Tuesday, August 11, 2020
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Artist: Emily A. Sprague
Title: Water Memory / Mount Vision
Format: CD & Vinyl
Label: RVNG Intl.
Emily A. Sprague’s two most recent EP’s- 2017’s “Water Memory” and 2018’s “Mount Vision”- were previously only available digitally on Bandcamp (where they can still be found), or on limited edition cassettes. Here, they have been combined into a single 75-minute release and (I think) available on LP and CD for the first time.

This is detailed and delicate ambient music infused with innocence and positivity. Soft pad patterns, smooth-enveloped synth melody notes, distant-sounding atmospherics and low hums pervade. Although the promotional material makes references to earthy elements and human interactions, I’d suggest this result is more abstract than this would imply- it’s peaceful, pure and largely synthetic, but not in a bad way.

“Water Memory” is mainly built from two pieces- the 13-minute “A Lake”, a soft twinkling warm drone, and the 16-minute title track in two parts, a slightly more complex work with a revolving melodic pattern that unfolds and unravels peacefully. The first album is filled out by shorter pieces “Dock” and “Your Pond” which feel a little sketchier, the latter in particular feeling a little glib with its warm organ-ish keys.

“Mount Vision” is more flatly divided into three ‘Synth’ pieces that continue the warm ambient lineage and the gentle dalliance with melody (“Synth 2” assuredly the highlight, “Synth 3” sounding like one of Jean-Michel Jarre’s more freeform noodling numbers but performed with one of Moby’s synths), and two soft piano pieces that sit somewhere between romantic and melancholic and never stray too far from simplicity, and a gentle, watery ‘Huckleberry’ interlude.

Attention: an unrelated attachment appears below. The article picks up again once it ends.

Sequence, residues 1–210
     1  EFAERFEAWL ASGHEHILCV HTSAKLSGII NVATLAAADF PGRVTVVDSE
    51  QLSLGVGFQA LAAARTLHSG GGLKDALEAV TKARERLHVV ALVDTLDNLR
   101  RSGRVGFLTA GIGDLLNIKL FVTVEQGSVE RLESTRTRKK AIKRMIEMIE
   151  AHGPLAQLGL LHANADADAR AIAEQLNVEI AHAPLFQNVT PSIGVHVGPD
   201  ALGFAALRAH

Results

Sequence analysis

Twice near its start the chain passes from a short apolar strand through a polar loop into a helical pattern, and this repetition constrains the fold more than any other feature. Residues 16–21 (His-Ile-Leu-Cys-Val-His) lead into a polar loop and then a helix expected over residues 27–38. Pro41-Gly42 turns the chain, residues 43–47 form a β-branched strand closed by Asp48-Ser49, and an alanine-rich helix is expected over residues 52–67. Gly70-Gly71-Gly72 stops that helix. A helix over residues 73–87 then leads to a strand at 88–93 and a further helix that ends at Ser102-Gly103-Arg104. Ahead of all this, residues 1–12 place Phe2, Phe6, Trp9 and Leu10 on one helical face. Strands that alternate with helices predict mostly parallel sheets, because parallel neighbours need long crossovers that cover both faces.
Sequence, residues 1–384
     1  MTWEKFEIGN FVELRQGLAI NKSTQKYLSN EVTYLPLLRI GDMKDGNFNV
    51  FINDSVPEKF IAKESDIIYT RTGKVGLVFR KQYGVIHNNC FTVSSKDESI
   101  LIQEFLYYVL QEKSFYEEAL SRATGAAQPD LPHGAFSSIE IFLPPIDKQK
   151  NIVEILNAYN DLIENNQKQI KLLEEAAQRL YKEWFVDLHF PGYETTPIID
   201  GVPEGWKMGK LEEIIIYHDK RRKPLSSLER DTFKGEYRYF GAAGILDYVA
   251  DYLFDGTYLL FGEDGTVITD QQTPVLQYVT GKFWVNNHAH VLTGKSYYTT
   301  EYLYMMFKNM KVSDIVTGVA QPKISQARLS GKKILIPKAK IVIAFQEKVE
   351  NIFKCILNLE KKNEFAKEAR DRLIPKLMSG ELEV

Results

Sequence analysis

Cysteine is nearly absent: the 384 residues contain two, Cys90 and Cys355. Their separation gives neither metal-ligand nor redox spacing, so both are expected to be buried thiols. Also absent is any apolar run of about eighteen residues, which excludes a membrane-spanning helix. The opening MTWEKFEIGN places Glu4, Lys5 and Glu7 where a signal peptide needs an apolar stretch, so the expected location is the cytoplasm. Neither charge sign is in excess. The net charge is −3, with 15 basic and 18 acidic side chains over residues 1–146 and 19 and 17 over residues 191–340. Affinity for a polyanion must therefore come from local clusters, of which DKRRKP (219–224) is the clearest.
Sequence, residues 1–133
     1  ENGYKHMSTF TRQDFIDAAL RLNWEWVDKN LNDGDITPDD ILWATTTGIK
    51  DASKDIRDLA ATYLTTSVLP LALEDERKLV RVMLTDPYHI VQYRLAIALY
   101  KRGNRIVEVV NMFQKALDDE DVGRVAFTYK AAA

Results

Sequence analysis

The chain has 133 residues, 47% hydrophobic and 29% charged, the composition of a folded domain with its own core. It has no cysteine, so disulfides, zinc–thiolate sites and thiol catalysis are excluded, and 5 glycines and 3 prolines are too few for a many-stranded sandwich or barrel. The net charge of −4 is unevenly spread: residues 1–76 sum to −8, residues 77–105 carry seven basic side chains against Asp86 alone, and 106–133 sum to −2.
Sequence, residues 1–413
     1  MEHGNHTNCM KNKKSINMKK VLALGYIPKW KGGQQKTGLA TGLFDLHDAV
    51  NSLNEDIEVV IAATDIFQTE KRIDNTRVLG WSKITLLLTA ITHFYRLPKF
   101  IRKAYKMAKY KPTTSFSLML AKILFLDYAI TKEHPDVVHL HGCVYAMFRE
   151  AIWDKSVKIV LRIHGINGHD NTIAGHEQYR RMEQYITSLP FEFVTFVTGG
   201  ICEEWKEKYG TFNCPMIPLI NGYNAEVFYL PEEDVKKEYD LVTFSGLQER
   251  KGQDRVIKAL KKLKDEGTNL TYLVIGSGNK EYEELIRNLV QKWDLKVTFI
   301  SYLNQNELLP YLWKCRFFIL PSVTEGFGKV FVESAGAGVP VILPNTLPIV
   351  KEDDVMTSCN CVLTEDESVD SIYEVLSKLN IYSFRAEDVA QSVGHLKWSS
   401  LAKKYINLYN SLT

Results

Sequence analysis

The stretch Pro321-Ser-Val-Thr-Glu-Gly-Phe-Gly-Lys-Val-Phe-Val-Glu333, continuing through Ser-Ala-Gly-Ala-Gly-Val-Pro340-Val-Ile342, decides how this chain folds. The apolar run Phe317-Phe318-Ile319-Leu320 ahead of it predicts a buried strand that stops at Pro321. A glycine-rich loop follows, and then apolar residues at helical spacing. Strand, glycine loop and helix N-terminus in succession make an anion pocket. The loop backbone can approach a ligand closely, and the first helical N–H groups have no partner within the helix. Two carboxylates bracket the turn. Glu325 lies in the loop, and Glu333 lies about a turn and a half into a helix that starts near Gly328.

Both albums are preceded by short (around a minute long) poem pieces which were not included on the original releases. These are not unpleasant, but even though I’m not accustomed to the original poem-less releases, there still seems to be something about them that doesn’t quite fit. For the purposes of sleep playlisting, those two will be getting skipped.

If you don’t already own either release, and if mellow ambient music with no challenges or surprises is something you need more of in your life- perhaps for meditation or sleep- then this is certainly worth checking out.


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